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Long-term population-based divorce rates among adult survivors of childhood cancer in Britain

Authors

  • Clare Frobisher PhD,

    Corresponding author
    1. Centre for Childhood Cancer Survivor Studies (CCCSS), School of Health and Population Sciences, Public Health Building, University of Birmingham, Edgbaston, Birmingham, UK
    • Centre for Childhood Cancer Survivor Studies (CCCSS), School of Health and Population Sciences, Public Health Building, University of Birmingham, Edgbaston, Birmingham B15 2TT, UK.
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  • Emma R. Lancashire PhD,

    1. Centre for Childhood Cancer Survivor Studies (CCCSS), School of Health and Population Sciences, Public Health Building, University of Birmingham, Edgbaston, Birmingham, UK
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  • David L. Winter,

    1. Centre for Childhood Cancer Survivor Studies (CCCSS), School of Health and Population Sciences, Public Health Building, University of Birmingham, Edgbaston, Birmingham, UK
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  • Aliki J. Taylor MPH,

    1. Centre for Childhood Cancer Survivor Studies (CCCSS), School of Health and Population Sciences, Public Health Building, University of Birmingham, Edgbaston, Birmingham, UK
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  • Raoul C. Reulen PhD,

    1. Centre for Childhood Cancer Survivor Studies (CCCSS), School of Health and Population Sciences, Public Health Building, University of Birmingham, Edgbaston, Birmingham, UK
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  • Michael M. Hawkins DPhil

    1. Centre for Childhood Cancer Survivor Studies (CCCSS), School of Health and Population Sciences, Public Health Building, University of Birmingham, Edgbaston, Birmingham, UK
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Abstract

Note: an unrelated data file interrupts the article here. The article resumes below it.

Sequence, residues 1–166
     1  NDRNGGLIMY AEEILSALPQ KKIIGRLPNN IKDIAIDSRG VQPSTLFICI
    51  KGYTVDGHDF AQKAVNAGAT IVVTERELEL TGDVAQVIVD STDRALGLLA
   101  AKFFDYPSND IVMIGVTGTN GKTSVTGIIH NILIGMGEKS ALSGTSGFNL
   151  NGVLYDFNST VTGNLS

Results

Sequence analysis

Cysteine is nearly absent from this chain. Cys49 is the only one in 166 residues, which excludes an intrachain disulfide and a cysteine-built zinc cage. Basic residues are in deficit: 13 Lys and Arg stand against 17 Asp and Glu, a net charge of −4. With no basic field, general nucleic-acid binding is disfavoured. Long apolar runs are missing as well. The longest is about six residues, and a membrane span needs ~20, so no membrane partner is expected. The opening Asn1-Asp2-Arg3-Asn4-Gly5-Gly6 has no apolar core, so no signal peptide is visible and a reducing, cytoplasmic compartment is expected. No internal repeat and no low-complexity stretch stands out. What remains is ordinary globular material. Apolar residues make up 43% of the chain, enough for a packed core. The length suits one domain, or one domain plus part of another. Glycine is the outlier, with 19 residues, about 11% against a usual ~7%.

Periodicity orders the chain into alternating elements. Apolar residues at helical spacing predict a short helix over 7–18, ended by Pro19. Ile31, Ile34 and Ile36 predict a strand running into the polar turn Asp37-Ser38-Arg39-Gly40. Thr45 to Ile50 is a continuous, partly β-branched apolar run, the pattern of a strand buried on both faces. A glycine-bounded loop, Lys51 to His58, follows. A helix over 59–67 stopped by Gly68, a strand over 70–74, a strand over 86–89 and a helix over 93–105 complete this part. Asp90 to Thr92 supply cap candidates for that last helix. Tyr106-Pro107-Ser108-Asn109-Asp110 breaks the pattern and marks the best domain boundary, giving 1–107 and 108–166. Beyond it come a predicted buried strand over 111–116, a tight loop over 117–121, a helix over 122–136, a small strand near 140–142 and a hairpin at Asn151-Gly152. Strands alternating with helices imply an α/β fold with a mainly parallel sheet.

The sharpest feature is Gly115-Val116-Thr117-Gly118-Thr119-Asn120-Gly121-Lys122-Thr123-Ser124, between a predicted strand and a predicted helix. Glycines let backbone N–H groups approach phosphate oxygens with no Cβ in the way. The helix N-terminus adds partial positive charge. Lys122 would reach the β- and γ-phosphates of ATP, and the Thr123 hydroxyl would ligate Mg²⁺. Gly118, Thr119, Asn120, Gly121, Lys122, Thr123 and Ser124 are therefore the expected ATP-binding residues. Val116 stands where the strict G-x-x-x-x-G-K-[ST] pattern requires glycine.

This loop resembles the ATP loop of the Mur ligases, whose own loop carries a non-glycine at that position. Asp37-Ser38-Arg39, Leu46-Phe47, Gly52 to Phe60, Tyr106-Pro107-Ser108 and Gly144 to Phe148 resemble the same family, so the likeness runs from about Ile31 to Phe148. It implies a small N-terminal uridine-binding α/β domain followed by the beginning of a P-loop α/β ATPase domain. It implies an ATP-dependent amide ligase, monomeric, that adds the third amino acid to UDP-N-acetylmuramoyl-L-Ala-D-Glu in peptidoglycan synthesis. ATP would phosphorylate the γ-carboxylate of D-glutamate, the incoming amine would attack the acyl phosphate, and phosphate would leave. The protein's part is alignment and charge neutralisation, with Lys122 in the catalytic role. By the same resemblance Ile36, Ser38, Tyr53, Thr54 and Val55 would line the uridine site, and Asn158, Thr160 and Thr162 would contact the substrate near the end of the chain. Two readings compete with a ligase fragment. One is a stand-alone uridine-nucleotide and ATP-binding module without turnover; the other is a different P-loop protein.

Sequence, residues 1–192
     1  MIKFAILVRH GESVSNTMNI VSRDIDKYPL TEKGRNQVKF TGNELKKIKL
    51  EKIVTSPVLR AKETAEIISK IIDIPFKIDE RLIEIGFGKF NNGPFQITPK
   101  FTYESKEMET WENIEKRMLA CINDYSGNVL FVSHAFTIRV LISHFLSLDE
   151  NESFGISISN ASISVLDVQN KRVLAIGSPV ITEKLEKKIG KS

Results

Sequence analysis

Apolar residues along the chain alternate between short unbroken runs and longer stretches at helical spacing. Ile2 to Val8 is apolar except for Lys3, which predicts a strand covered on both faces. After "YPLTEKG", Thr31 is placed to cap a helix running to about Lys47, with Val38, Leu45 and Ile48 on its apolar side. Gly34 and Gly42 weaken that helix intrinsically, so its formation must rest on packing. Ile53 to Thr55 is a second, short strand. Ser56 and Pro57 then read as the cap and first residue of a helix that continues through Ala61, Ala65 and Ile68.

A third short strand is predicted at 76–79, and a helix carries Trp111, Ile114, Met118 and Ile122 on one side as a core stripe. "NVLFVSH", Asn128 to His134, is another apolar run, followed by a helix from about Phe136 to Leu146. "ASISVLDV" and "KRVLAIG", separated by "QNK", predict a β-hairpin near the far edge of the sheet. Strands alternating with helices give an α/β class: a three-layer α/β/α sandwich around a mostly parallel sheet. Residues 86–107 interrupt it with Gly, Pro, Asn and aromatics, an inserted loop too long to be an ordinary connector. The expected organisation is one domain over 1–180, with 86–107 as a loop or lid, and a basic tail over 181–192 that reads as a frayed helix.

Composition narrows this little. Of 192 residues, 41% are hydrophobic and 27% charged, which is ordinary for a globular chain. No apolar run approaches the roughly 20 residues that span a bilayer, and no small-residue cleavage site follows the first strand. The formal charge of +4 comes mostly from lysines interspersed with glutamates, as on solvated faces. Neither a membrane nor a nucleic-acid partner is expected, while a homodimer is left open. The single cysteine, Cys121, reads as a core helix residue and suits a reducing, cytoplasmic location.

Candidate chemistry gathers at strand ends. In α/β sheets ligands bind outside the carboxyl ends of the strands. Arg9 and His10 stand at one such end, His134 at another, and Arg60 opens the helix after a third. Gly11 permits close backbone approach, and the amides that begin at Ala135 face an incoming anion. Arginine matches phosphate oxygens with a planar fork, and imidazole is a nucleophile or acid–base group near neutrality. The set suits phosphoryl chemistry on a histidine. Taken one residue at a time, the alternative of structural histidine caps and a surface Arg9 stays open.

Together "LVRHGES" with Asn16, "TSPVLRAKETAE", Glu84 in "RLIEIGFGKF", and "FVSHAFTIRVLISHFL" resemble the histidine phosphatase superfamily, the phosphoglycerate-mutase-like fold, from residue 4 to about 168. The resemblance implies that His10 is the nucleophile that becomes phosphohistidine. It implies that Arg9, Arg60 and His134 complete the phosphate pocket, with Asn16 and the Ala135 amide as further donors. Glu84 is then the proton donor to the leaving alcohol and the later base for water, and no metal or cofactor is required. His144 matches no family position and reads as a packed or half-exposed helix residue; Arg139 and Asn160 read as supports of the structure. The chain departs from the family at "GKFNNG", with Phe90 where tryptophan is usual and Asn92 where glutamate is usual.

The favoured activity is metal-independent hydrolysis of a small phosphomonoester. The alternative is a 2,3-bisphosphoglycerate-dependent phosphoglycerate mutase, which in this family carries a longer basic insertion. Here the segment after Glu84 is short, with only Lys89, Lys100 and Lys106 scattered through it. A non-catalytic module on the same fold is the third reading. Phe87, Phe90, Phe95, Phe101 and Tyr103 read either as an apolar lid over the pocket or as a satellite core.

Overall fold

Background

Previously from the British Childhood Cancer Survivor Study (BCCSS) it was seen that adult survivors of childhood cancer were less likely to marry than the general population. The objectives of this study were to assess the number of childhood cancer survivors from the BCCSS who were currently divorced or separated, examine factors associated with marriage dissolution and compare survivor divorce rates to population rates.

Procedure

The BCCSS is a population-based cohort of 18,119 individuals diagnosed with cancer aged 0–14 years between 1940 and 1991, and survived at least 5 years. 14,539 were alive, aged 16 years or over and eligible to receive a questionnaire, which ascertained marital status.

Results

From 8,155 survivors, who were aged at least 20 years at questionnaire completion, the proportions currently divorced and divorced or separated were 13.5% and 18.1%, respectively. Only current age, educational attainment and age at marriage were associated with divorce, and for divorce and separation status only age at marriage (P < 0.05). Overall the survivors were no different to the general population for being currently divorced (odds ratio (OR) (95% confidence intervals (95% CI)): 0.94 (0.81–1.10)). However, the survivors overall (OR (95% CI): 0.82 (0.72–0.94)), and separately for those diagnosed with non-Hodgkin lymphoma (OR (95% CI): 0.55 (0.34–0.89)) and leukaemia (OR (95% CI): 0.70 (0.52–0.95)), were less likely to be currently divorced or separated than the general population.

Conclusions

It is reassuring that survivors do not experience more divorce than the general population, and that no cancer or treatment factors were shown to be associated with marriage dissolution. Pediatr Blood Cancer 2010; 54:116–122. © 2009 Wiley-Liss, Inc.

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